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Therapists Didn't View Shooter as a Threat, Records Show

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The recently discovered health records of the student at Virginia Tech who opened fire two years ago, killing 32 people have been made public. The records show three therapists in three weeks met with the future gunman. He told them he was depressed and had feelings of anxiety, but had no homicidal or suicidal thoughts. A few months later, on April 16, 2007, he killed 32 people and himself in the worst mass shooting in modern U.S. history. Families of some victims say the records show the student gunman slipped through cracks in the university's mental health system, though the records don't indicate a severely troubled mental state. The records were discovered last month when the director of the school's counseling center found them in his home. The family of the gunman made the records public yesterday, saying it was the right thing to do.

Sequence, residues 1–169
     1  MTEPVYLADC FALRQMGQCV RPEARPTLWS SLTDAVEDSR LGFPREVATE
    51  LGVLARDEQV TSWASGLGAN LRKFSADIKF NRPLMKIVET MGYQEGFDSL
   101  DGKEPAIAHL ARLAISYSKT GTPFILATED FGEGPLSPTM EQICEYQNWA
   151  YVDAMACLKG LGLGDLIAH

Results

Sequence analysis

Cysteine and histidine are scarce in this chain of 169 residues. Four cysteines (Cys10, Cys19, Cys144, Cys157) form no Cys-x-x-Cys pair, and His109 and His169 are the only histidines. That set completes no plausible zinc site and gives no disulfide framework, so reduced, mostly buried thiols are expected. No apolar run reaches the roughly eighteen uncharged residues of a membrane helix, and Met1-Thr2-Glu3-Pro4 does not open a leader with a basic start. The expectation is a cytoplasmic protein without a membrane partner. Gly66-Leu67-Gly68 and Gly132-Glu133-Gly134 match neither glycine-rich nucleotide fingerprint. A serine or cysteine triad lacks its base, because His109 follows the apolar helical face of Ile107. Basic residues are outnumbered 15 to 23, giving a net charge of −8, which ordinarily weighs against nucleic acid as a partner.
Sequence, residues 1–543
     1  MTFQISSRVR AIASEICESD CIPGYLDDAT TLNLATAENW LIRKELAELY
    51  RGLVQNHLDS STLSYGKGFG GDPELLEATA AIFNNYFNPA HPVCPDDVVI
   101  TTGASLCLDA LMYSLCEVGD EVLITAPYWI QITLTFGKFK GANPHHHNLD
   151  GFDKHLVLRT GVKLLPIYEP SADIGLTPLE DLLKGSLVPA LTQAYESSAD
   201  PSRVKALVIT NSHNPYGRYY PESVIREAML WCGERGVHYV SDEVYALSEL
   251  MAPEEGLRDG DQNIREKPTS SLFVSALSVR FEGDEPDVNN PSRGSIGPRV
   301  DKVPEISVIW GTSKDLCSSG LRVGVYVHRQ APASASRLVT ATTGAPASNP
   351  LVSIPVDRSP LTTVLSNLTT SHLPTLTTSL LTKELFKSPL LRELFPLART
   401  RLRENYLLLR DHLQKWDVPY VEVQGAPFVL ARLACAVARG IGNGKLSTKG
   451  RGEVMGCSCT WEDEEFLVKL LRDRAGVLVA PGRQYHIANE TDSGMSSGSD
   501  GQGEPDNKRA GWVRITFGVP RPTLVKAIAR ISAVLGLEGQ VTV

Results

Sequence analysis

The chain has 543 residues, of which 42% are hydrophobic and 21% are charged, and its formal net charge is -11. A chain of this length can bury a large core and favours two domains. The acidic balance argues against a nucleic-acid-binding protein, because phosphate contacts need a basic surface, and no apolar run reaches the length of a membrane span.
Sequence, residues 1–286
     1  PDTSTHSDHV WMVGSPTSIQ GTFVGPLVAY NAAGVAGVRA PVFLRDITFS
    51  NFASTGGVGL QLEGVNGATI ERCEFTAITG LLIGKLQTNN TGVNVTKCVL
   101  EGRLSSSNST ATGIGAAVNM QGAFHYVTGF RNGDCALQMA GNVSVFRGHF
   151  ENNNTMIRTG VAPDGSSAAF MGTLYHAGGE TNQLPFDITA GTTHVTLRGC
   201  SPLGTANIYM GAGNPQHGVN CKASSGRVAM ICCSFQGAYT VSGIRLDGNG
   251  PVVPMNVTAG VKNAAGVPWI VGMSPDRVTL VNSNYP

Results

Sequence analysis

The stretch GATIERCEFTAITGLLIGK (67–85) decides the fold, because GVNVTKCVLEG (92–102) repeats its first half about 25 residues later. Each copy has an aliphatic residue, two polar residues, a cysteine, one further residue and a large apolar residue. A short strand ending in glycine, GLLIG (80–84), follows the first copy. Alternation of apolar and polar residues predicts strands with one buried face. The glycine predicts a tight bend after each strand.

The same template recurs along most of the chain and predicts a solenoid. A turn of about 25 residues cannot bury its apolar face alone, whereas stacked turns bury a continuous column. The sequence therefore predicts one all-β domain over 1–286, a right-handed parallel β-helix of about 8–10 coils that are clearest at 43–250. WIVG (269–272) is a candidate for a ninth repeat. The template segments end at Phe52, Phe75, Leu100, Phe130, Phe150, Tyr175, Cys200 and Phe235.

Sabri Ben-Achour reports...

NPR

Comic-Con Fans Continue The Epic Battle Between Science And Fiction

Fans of science fiction have long wrestled with the question of just how much science should be in their fiction. Advocates of different approaches met at San Diego's Comic-Con.
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Scraped, Splattered — But Silent No More. Finally, The Dinner Plate Gets Its Say

Instagram is the Internet's semi-obsessive, borderline-creepy love letter to food. But behind every great meal is a plate doing a pretty-OK job. So a comedian made an Instagram to celebrate plates.
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Leaked Democratic Party Emails Show Members Tried To Undercut Sanders

Just days before the Democratic National Committee convention gets underway, WikiLeaks releases almost 20,000 emails among DNC staff, revealing discussions of topics from Bernie Sanders to the media.
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Making The Cloud Green: Tech Firms Push For Renewable Energy Sources

Few people can demand what kind of electricity they get. But Microsoft and Facebook, which operate huge, power-hungry data centers, are trying to green up the electricity grid with their buying power.

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